Cushion, responsiveness, and sustainability — the Ghost 15 has it all
December 12, 2022|By Brooks Staff
This fan-favorite carbon neutral running shoe is helping Brooks down a science-backed path to net zero carbon emissions by 2040.
Our work towards a healthier planet
We love that sweet, sweet oxygen we breathe on the run, so we owe it to the planet to minimize the emissions we produce in manufacturing our shoes and gear. At Brooks, we believe climate change demands urgent and universal action. We are committed to achieving net zero carbon emissions by 2040 — ten years ahead of the goal set by the Paris Agreement.
To achieve this ambitious goal, we first prioritize reducing our carbon emissions by converting materials in our product to recycled alternatives, using low impact dyeing processes, and sourcing materials and our product from factories that use renewable energy. As we move along this path, we recognize we will continue to emit carbon emissions and we hold ourselves responsible to address this impact. That’s why we compensate for the carbon emissions we have not yet reduced by purchasing carbon credits to make an immediate impact to help address climate change.
What does CO₂e mean?
CO₂e or carbon dioxide equivalent, is a standard unit for measuring carbon footprints. This allows us to report on all greenhouse gas emissions (GHGs) as a single number.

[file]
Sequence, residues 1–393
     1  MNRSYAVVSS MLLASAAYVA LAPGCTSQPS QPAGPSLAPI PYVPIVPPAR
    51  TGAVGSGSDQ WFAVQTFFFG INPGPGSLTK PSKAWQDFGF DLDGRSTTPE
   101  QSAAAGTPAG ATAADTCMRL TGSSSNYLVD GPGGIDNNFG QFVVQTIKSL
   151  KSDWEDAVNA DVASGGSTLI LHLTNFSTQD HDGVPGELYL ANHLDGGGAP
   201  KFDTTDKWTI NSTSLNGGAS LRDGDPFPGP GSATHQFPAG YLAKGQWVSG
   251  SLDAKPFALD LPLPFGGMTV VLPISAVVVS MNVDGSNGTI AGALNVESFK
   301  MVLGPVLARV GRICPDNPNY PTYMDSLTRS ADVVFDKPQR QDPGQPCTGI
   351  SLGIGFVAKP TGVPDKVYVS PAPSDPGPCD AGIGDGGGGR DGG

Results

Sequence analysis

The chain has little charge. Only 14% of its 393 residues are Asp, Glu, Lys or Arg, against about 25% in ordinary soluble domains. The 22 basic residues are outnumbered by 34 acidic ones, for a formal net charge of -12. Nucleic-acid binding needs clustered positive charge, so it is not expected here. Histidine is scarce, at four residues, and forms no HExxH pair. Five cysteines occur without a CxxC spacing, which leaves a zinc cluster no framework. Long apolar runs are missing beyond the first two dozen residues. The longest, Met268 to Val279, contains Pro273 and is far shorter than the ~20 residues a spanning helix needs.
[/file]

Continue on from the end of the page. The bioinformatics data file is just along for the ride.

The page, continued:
Impact of the Ghost 15
At Brooks, we started with our highest-volume style — the Ghost— as our first carbon neutral product. This commitment began in 2021 with the launch of the Ghost 14. Our commitment is ongoing, so when each new version of the Ghost hits the stores, we’ll continue to make the shoe carbon neutral through efforts to reduce our emissions and carbon offsetting.
The carbon emissions of the Ghost 15 are 9.27 kg CO₂eq, a 6% reduction compared to the Ghost 14. To understand this impact, we performed a life cycle impact assessment utilizing the Product Environmental Footprint (PEF) methodology, the current standard of the European Commission. The carbon impact includes the full lifecycle of the Ghost 15 shoe: production of materials, assembly of product, packaging, distribution, and end-of-life.
Loved by runners for its smooth ride, the Ghost is all about balance, but what makes the Ghost special is its environmental footprint. Our efforts to make the Ghost 15 carbon neutral started with reducing its carbon emissions. 24% of the total shoe weight is from recycled materials, with all the textiles in the upper containing recycled content. This includes a 90% recycled content vamp mesh, 86% recycled content tongue mesh, 87% recycled content tongue and collar lining, and 100% recycled content materials used for the lace, sockliner top cloth, and all the textile reinforcements.
We then compensate for the remaining carbon emissions we have not yet been able to reduce with carbon credits to make an immediate impact to help address climate change.
So what are carbon credits?
Carbon credits come from projects that verifiably avoid, remove, or reduce carbon emissions from the atmosphere through actions like displacing fossil fuel energy with the development of renewables, restoring degraded land with new forest, and reducing fuel usage through clean cooking solutions.
Here’s how it works: